Governments are already concerned about this challenge and several actions are already underway. Considering innovation and the data economy, “Horizon 2020” was an EU research and innovation program with almost €80 billion of public funding, spread over seven years (2014 to 2020) funded initiatives on key technologies such as 5G, big data or cloud computing, among others. This program has a successor, “Horizon Europe,” which will run until 2027, with a total budget of €95.5 billion (MADIEGA, 2020). In addition, the data strategy adopted in February 2020 will ensure that more data becomes available for use in the economy and society, while maintaining control of data in businesses and individuals.

In the military realm the Permanent Structured Cooperation (PESCO), established in December 2017, is the part of the European Union’s (EU) security and defence policy. It joins 25 Member States, currently with 60 projects running, aiming to increase collaboration between Member States and to develop defense capabilities to undertake the most demanding missions, thereby provide an improved security to EU citizens.  

When it comes to data privacy, the EU has adopted a very demanding framework for privacy and data protection, with the General Data Protection Regulation (GDPR), imposing stringent requirements regarding individuals’ personal data, leading to multinationals to adopt protection controls in their services as well.

For cybersecurity, the 2016 Network and Information Security Directive (NIS), now with an evolution being deployed (NIS2), improves Member States’ cybersecurity capabilities and cooperation and imposes measures on companies to prevent and report security incidents and cyber-attacks in key sectors (i.e. energy, transport, banking, financial market infrastructures, the health sector, drinking water supply and distribution and digital infrastructure).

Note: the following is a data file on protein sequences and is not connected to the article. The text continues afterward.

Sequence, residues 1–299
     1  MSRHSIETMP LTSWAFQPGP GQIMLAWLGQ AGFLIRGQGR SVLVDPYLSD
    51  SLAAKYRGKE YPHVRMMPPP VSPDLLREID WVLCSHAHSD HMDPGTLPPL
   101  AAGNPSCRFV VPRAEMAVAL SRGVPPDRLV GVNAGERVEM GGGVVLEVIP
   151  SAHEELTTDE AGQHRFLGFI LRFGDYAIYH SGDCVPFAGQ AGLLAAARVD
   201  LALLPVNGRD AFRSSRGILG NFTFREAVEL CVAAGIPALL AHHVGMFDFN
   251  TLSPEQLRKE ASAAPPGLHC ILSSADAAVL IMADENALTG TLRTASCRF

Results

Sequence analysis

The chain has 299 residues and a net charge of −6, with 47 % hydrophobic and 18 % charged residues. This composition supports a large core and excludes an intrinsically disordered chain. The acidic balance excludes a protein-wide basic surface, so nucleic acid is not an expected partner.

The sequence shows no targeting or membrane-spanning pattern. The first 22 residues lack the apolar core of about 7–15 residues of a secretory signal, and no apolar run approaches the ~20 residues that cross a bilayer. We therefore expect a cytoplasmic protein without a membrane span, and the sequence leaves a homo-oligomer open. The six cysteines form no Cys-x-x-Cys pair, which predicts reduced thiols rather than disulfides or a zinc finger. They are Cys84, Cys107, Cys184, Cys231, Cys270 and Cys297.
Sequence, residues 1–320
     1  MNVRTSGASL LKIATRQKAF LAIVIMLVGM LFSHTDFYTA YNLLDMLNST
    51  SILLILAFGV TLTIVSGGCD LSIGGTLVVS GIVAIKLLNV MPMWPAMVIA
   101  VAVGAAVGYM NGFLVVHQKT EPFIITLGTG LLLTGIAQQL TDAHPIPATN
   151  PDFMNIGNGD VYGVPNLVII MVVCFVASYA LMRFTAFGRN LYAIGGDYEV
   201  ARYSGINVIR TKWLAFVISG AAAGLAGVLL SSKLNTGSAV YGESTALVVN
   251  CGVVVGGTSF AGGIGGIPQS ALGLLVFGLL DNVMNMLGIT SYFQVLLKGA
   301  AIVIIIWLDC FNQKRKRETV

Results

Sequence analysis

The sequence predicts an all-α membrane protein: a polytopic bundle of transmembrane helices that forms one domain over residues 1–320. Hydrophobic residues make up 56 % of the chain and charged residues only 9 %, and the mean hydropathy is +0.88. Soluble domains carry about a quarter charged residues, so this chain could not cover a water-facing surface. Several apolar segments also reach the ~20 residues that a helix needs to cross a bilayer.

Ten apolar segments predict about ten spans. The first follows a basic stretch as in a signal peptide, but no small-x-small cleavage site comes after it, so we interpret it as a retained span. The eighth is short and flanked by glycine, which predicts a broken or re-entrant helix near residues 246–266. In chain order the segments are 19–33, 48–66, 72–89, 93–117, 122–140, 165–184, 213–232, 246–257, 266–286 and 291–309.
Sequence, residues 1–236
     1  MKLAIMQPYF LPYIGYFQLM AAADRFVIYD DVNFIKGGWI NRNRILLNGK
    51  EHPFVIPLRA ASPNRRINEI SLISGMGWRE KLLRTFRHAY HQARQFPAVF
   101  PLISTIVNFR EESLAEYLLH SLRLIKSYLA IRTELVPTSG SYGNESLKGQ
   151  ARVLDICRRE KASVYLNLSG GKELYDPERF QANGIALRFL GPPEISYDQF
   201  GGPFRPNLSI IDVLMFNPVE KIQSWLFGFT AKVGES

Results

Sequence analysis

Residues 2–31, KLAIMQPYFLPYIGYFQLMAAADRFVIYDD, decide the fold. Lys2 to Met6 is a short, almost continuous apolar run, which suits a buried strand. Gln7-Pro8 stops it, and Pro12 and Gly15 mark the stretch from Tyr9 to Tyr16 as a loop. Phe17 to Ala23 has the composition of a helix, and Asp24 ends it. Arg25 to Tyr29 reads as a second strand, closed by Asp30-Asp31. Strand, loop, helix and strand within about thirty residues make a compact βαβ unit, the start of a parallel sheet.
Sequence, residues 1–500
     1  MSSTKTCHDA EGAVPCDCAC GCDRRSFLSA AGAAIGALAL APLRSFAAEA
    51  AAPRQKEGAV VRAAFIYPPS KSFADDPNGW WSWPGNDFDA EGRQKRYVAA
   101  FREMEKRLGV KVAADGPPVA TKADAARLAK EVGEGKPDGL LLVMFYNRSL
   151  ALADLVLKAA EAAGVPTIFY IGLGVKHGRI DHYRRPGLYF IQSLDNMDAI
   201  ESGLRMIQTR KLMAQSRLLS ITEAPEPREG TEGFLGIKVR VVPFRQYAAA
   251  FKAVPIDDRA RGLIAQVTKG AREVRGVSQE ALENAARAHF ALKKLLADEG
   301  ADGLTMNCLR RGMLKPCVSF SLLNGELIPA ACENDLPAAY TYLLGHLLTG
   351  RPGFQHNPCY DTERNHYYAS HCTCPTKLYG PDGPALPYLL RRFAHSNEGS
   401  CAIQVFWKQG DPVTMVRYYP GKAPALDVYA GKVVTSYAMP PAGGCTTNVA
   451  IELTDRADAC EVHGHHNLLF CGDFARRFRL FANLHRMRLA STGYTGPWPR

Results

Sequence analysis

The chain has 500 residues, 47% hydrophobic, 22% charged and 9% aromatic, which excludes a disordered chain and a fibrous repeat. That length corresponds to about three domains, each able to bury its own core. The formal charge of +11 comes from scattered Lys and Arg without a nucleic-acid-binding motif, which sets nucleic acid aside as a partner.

Aiming to provide more trust in the supply chain, the European Cybersecurity Act, passed in 2018, creates an EU-wide cybersecurity certification scheme for ICT products to protect consumers and businesses from cybersecurity threats. This is an example of the EU leading the way in cybersecurity reference frameworks definition, forcing third countries, as well as private companies doing business in the EU, to update their cybersecurity practices and policies to ensure compliance. In the same vein, another relevant initiative is the adoption of a recommendation in March 2019 for a common EU approach to 5G network security and the subsequent publication of a toolbox on 5G cybersecurity in January 2020 (European Commission, 2020).

In resume there are already several proposals rolling-out for industrial policy, domestic technology development projects, rules to limit foreign companies, data localization, critical infrastructures protection requirements and essential services operators’ cybersecurity policies or even more aggressive jurisdictional regulations such the afore mentioned GDPR. All these initiatives are extremely important however them will take time to produce effects and might not be enough or, if not applied in a reasonable way, have adverse effects.